Coping in Times of High Stress
By Tracie Hiemstra, a contributing writer, 2001
During any time of trauma and high stress, it is especially important to be intentional about how we care for ourselves. It is not selfishness to do so, it is self-preservation.
During the days since September 11, Americans and human beings around the world are under added duress. The horrifying images running constantly in our minds can become too much to bear if we do not remember to give ourselves some specific personal care. Here are some simple tips to follow:
- Be gentle with yourself and others: remember, we are all in this together and pain brings on varying reactions. If someone is sharp with you, if you burst into tears, if tempers flare, if you are more forgetful or confused, if you feel dizzy or nauseous, take a deep breath. Listen to yourself and others. Remember we are all hurting.
- Move slowly. Let yourself experience what your heart and body are feeling. You cannot deny the emotions you have and you are entitled to have them.
- Pay particular attention to Life Balance:
meditate, pray, go for a walk, be with nature, watch the water, put your bare feet on bare ground, light candles, bring in and give flowers, share your caring, pet an animal (real or stuffed).
journal, process with friends, reach out to others and be open to their reaching out to you, draw, paint, cry, laugh, smile, hug.
read a book, research how you can help yourself and others, watch a movie, listen to music, give yourself some time alone to reflect.
walk, sleep, take your vitamins, floss, Yoga, eat well, avoid alcohol and drugs, soak in the tub, massage, play with children.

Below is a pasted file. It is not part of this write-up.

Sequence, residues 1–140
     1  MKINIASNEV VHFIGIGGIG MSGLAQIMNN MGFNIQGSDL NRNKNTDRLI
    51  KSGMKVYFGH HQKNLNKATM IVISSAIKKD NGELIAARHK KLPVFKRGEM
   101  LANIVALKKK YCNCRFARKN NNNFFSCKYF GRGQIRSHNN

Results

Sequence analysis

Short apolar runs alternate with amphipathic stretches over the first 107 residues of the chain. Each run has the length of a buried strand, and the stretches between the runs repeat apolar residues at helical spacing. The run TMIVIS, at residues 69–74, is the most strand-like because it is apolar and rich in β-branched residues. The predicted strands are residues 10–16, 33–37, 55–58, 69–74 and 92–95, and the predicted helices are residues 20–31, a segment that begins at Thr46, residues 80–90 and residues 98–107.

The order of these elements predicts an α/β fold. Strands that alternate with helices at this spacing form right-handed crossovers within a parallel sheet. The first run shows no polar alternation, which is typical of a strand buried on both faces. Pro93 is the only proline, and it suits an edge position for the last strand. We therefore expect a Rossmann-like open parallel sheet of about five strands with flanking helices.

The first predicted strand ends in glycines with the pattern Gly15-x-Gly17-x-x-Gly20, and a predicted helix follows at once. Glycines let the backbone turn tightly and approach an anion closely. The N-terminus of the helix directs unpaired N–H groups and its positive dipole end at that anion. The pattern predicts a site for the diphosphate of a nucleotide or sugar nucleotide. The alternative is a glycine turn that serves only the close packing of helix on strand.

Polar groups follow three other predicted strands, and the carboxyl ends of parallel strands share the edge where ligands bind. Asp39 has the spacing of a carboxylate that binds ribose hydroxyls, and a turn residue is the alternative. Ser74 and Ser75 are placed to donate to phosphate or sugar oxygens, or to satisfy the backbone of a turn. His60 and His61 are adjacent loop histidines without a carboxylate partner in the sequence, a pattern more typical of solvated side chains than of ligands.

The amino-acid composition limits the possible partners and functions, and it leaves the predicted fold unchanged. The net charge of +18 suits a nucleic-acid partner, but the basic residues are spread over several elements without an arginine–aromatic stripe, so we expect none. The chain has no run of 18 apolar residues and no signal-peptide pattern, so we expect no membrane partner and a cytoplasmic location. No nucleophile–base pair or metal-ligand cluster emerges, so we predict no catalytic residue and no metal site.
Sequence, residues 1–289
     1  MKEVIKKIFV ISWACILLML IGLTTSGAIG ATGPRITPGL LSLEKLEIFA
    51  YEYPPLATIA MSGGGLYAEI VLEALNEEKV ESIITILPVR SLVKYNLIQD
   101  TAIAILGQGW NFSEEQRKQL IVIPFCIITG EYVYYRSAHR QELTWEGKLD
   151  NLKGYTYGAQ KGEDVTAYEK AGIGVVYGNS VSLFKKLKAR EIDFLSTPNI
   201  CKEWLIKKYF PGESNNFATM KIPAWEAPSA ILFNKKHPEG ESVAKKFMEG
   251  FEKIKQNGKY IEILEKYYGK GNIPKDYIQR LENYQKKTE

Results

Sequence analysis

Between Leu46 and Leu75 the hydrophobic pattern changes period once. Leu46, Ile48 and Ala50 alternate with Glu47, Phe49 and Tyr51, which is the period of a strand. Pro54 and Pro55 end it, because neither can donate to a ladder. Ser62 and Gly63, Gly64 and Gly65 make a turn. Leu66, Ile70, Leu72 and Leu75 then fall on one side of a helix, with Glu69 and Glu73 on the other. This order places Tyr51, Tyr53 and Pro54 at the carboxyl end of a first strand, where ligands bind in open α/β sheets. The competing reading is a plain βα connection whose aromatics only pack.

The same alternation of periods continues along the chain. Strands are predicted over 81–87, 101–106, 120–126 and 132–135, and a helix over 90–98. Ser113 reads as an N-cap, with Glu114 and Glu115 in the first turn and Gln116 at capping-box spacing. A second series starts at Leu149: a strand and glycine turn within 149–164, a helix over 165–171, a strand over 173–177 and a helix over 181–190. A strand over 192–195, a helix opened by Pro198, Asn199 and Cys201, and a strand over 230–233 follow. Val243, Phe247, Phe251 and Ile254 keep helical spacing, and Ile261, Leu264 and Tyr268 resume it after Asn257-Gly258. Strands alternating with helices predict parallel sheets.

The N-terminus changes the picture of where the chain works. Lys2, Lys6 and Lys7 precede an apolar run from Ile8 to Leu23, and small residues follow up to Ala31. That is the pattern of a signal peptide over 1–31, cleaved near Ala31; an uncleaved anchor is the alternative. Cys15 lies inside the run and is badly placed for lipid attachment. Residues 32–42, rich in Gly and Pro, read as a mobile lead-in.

If the feelings continue for more than a few weeks, seek professional help.
This is a time to stay in touch with loved ones. Make daily effort to call someone, write someone, e-mail someone, visit with someone. Be careful how much news you watch and read. Too much can overwhelm, and even bring on PTSD (Post Traumatic Shock Disorder). The visual images we see on TV and in newspapers are so vivid and real our mind cannot distinguish between our direct or indirect involvement. Of course, we all feel the anguish whether we are on the actual disaster sites or not. This can grow worse by watching and absorbing too much. Give yourself some distance. Do what you can to help (give blood, donate money and time, connect with people, light candles, take flowers to someplace meaningful, send positive energy) and then give yourself some space for your own healing to occur.
We have days, weeks, and months of limbo ahead of each of us. Focus on keeping yourself active and healthy (spiritually, emotionally, mentally and physically) and you will have more to contribute when you are needed.